Table 2
Transect Zone Lot Types
Countryside/
Greenbelt
(T1)
Estate*
(T2)
Edge*
Residential
(T3)
Low
Residential
(T4)
Medium
Residential
(T5)
Mixed/
Neighborhood
Village
Center
(T6)
Mixed-use building lot
X
X
Retail building lot
X
X
Apartment building lot
X
X
Live/work lot building
X
X
Apartment houses lot
X
X
Townhouse lot building
X
Cottage house lot
X
X
Sideyard house lot
X
X
House lot
X
X
X
X
Manor lot
X
X
X
Edge tract
X
X
Civic building lot
X
X
X
X
X
X
NOTES:
* Lots in Estate and Edge transect zones are limited to a maximum of 15% of the land area.
I. 
Permitted uses.
(1) 
The following uses are permitted within the NVC District.
(a) 
All accessory uses as permitted in Part 3, Article VI, of this Chapter 18:1.
(b) 
All institutional uses, including golf courses.
(c) 
All temporary uses as permitted in § 18:1-53 of this Chapter 18:1.
(d) 
Commercial uses are permitted only in association with a residential and/or institutional mixed-use development. The Planning Commission shall approve the type and size of any commercial use(s) proposed as a component of an overall mixed-use development plan. In order to approve any specific commercial use and its approximate size, the Planning Commission must find that the proposed commercial uses:
[1] 
Are compatible with surrounding and anticipated development in the area;
[2] 
Are consistent with the intent of any applicable community plan; and
[3] 
Will not create undo traffic congestion in the area.
(e) 
The following commercial uses are permitted as a component of a mixed-use development pending approval by the Planning Commission:
[1] 
Retail and service business sized to accommodate the convenience and commercial needs of the community;
[Amended 6-11-2013 by Ord. No. 13-07]
[2] 
Restaurants, fast-food restaurants (without drive through), taverns and bars;
[Amended 6-11-2013 by Ord. No. 13-07]
[3] 
Business or professional offices;
[4] 
Medical or veterinary offices or clinics;
[Amended 6-11-2013 by Ord. No. 13-07]
[5] 
Banks or financial institutions;
[6] 
Hotels, country inns, bed-and-breakfasts and associated ancillary resort uses such as conference facilities, aquatic facilities, health spas, athletic courts, etc.;
[7] 
Marinas;
[8] 
Barbershops and hairdresser;
[Added 6-11-2013 by Ord. No. 13-07]
[9] 
Deli, coffee shops, ice cream stores and stands;
[Added 6-11-2013 by Ord. No. 13-07]
[10] 
Dry cleaners and laundries;
[Added 6-11-2013 by Ord. No. 13-07]
[11] 
Light mechanical repairs (e.g. watch, camera, computer, bicycle, television);
[Added 6-11-2013 by Ord. No. 13-07]
[12] 
Photography, tailoring, copy shop, travel agencies, real estate offices and other service business;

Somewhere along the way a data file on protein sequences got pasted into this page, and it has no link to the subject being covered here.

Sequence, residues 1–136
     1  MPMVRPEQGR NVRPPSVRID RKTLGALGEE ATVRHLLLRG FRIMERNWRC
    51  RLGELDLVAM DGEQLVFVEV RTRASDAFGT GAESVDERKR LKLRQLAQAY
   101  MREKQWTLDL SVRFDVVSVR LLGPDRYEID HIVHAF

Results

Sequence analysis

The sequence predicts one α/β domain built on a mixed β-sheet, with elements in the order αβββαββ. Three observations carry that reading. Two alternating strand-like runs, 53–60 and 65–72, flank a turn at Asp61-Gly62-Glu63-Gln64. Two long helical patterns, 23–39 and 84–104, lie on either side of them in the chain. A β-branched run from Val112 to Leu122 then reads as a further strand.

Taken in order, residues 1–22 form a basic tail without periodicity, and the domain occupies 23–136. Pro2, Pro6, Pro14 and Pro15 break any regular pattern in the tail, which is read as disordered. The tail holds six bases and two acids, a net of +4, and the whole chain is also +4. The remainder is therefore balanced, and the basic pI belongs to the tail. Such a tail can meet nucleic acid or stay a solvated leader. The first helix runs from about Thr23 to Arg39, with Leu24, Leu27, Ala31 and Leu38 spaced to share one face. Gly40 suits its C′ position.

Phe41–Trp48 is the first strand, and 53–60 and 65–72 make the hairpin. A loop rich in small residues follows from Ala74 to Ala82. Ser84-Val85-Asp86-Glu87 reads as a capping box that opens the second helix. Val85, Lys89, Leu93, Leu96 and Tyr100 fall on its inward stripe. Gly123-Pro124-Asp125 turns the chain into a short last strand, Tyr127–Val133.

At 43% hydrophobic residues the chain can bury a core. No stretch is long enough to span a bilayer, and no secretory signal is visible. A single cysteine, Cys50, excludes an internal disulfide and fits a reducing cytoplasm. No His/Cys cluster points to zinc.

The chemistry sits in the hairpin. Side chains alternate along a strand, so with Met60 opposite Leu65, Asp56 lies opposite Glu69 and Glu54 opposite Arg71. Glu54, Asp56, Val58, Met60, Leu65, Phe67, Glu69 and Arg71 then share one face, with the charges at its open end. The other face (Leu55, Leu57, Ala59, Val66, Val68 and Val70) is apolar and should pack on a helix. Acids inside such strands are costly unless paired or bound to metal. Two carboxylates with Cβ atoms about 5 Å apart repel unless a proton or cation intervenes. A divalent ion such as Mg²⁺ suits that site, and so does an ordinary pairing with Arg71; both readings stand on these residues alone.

[Added 6-11-2013 by Ord. No. 13-07]
[13] 
Grocery stores and convenience stores (without gas pumps);
[Added 6-11-2013 by Ord. No. 13-07]
[14] 
Studios for dance, exercise or martial arts;
[Added 6-11-2013 by Ord. No. 13-07]
[15] 
Bowling alleys;
[Added 6-11-2013 by Ord. No. 13-07]
[16] 
Stores selling liquor, beer or soft drinks (in sealed containers not for on-premises consumption);
[Added 6-11-2013 by Ord. No. 13-07]
[17] 
Theatres, movie and live performances, both indoor and outdoors;
[Added 6-11-2013 by Ord. No. 13-07]
[18] 
Day-care centers;
[Added 6-11-2013 by Ord. No. 13-07]
[19] 
Commercial apartments; and
[Added 6-11-2013 by Ord. No. 13-07]
[20] 
Other commercial uses with similar impacts and not inconsistent with the purpose of the NVC District as determined by the Planning Commission.
[Amended 6-11-2013 by Ord. No. 13-07]
(f) 
Effluent disposal uses.
(g) 
Home occupations.
(h) 
Multifamily.
(i) 
Resort country club.
(j) 
Resort health and fitness clubs.
(k) 
Single-family.
(l) 
Commuter parking areas.
(2) 
Conditional uses.
(a) 
Manufactured home community.
(b) 
Telecommunications facilities.
(c) 
Country inns.
(d) 
Nursing homes and assisted living facilities.
(3) 
Residential uses including single-family detached dwellings, single-family attached dwellings and multiple-family dwellings. A maximum of 20% of the land area of the NVC District neighborhood may be allocated to multifamily housing.
(4) 
Commercial uses in a NVC District neighborhood shall be part of an overall redevelopment or development plan. The floor area ratio for nonresidential uses is 0.150 of the base site area. No individual commercial use shall exceed 65,000 gross square feet.
[Amended 6-11-2013 by Ord. No. 13-07]
(5) 
The following open space uses shall be permitted in conjunction with residential development: neighborhood parks; recreational facilities and playgrounds; bicycle paths; greens; commons; plazas and squares; or linkages to regional recreation and open space systems.
(6) 
Civic building areas. Civic building areas are usually sited to adjoin civic spaces or to provide visual landmarks by being placed at the termination of streets, at the corner of a green, or within a green, Figure 2.[4] Civic building areas shall be a maximum of 10 acres, but no more than 25% of the gross land area.